According to environmentalist Mark Lynas, denying the scientific consensus that genetically modified organisms are safe to eat is the same as saying that vaccines are unsafe or climate change isn't real. Lynas was being provocative, but his rhetoric was a hook for a more sophisticated message: If you claim to believe in science, you have to accept science's conclusions, even if they contradict what you believe.
"People aren't forming their opinions based on empirical evidence," Lynas told an audience that filled about two-thirds of Boise's Egyptian Theatre on May 19. "The science has a tough time confronting emotion."
Attendance was diverse at Lynas' talk, titled "GMOs are Green: How One Environmentalist Changed His Mind." The people who showed up represented a range of opinions about genetically modified crops, from farmers who grow GM corn to anti-GMO activists, and they left with new tools for thinking about a technology that is either a lifeline for farmers and a hungry world, or unethical experimentation on the part of chemical companies and agribusiness. Not everyone was convinced by Lynas' argument.
One attendee, Dr. Alice Blake, cited the 1932-1972 Tuskegee experiments—in which black men in Alabama were secretly infected with syphilis to track the disease—and other examples of scientific malpractice when asking Lynas for comment on GMOs.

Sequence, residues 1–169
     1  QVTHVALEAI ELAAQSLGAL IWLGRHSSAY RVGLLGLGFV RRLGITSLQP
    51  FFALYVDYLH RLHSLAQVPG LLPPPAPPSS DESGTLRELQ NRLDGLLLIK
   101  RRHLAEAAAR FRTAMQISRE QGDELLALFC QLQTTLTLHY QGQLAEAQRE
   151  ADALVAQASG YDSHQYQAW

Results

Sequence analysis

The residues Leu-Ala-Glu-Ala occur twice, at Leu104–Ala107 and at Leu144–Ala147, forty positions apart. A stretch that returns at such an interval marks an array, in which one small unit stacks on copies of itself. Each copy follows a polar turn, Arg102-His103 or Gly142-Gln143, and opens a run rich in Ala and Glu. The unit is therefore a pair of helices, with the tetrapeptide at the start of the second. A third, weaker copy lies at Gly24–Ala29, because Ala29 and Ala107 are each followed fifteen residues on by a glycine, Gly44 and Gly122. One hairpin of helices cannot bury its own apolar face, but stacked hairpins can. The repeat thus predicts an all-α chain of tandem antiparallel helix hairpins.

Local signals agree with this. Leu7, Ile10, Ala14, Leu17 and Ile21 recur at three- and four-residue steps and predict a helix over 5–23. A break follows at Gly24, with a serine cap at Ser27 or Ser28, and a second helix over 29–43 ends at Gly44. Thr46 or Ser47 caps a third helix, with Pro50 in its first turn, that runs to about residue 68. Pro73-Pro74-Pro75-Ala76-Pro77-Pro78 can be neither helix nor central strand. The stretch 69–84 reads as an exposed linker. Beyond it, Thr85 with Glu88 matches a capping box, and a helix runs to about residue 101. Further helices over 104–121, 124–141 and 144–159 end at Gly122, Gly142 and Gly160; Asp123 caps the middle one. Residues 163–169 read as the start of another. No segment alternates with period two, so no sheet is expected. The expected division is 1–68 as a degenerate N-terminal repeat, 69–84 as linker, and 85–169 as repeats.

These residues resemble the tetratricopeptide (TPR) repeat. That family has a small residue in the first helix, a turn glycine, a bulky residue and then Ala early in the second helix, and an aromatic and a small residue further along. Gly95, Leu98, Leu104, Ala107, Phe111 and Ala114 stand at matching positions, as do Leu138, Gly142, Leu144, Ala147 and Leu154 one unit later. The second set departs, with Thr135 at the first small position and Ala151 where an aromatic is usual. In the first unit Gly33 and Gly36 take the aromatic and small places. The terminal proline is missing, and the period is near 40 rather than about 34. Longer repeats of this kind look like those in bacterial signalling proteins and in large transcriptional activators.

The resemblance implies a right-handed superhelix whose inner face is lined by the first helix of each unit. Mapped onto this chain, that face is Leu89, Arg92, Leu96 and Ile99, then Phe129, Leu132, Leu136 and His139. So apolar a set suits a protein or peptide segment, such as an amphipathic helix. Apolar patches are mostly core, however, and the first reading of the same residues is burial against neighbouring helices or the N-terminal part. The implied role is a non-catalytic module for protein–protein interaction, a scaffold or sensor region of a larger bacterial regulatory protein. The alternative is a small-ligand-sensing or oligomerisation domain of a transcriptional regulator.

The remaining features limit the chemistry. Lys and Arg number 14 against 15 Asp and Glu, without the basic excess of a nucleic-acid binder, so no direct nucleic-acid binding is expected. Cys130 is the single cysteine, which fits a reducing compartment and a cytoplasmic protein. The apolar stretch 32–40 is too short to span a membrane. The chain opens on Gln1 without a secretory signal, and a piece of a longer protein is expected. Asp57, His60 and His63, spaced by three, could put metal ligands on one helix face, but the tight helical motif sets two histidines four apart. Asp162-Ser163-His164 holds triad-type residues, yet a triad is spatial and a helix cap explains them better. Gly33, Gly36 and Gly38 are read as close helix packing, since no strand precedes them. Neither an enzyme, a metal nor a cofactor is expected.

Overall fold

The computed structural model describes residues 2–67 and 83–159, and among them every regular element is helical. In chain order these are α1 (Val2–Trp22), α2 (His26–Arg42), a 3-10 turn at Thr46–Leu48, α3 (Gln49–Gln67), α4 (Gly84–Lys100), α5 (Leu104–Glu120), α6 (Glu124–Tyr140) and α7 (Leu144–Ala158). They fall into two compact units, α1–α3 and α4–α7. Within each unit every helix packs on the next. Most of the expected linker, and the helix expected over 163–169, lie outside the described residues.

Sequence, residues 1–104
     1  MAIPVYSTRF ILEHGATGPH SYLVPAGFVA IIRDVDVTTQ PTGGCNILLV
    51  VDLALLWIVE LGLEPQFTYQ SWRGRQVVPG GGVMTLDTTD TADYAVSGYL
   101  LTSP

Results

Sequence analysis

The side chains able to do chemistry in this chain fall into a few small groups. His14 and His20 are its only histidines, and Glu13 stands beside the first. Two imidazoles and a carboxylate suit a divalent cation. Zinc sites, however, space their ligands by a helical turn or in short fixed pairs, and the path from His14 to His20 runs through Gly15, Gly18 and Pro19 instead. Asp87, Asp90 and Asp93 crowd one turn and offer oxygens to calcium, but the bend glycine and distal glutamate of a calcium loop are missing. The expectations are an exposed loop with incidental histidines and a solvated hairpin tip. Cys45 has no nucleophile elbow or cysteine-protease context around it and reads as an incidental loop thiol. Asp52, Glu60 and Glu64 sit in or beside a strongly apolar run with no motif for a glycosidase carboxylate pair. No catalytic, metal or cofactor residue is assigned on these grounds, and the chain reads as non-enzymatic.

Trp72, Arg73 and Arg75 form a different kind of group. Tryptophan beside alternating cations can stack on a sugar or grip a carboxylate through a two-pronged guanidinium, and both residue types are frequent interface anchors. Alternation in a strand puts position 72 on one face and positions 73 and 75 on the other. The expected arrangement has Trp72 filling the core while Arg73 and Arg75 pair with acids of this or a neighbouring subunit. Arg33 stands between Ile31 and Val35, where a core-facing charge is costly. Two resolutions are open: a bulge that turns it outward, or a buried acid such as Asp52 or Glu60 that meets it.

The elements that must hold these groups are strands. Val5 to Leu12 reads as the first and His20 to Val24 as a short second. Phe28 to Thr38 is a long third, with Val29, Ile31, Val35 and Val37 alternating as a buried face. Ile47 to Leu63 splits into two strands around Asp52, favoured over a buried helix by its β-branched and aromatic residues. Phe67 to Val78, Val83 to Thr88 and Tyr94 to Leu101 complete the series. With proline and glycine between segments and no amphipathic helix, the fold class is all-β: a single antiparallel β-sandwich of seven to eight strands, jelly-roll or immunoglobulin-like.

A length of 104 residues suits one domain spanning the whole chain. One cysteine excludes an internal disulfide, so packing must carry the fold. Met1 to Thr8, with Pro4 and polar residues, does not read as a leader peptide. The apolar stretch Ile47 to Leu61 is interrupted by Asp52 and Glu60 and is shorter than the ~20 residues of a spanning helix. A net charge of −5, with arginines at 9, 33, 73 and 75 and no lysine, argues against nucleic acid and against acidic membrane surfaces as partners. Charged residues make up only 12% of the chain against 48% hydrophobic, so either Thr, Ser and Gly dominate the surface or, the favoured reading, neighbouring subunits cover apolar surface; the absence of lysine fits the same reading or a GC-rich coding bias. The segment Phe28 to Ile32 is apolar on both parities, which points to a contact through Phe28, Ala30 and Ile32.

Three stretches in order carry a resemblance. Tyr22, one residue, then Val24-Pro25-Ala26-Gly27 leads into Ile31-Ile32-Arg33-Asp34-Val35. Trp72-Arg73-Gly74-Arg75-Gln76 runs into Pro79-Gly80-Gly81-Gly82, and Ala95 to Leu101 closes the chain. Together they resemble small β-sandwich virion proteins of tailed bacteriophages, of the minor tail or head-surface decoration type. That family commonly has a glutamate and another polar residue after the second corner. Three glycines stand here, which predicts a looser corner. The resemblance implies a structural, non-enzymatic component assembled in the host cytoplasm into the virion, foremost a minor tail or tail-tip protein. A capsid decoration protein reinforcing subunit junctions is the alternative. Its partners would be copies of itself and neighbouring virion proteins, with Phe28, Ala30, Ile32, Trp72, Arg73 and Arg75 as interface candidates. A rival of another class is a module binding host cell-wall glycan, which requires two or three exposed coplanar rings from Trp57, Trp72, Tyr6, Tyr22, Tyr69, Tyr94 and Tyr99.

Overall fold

"I question at times what the scientific community does," she said.
GMOs are organisms that have been manipulated on the genetic level. Scientists splice genes from one life form into another to promote certain characteristics, which can include heat-, drought-, virus- and insect resistance, as well as enhanced nutritional properties. But GMO detractors are wary of the potential health and environmental consequences of the technology—and worry that multinational corporations like Monsanto are pushing GM crops before they've been adequately assessed.
"We hear all these stories about cooking the books. How can we believe science anymore?" asked Terry Jones, a Weiser farmer who grows GM corn, during a question-and-answer period following Lynas' talk.
Online commenters were quick to address other facets of the debate.
"Our protest is rooted in the effects produced by multinational corporate manipulations and lies that are counter to living in harmony with the natural world for the sake of profits," boiseweekly.com user Heinrich wrote.
"Allowing crops to grow in harsher conditions would get the food to where it's needed," wrote Facebook user Travis Herman.
The divide between the public and scientists prompted the board of directors of the American Association for the Advancement of Science to issue a statement in 2013 affirming that there is consensus among scientists that GM foods are safe to eat. In January 2015, a Pew Research Center study showed that while 88 percent of AAAS scientists believe it is safe to eat GM foods, just 37 percent of adults in the United States believe the same.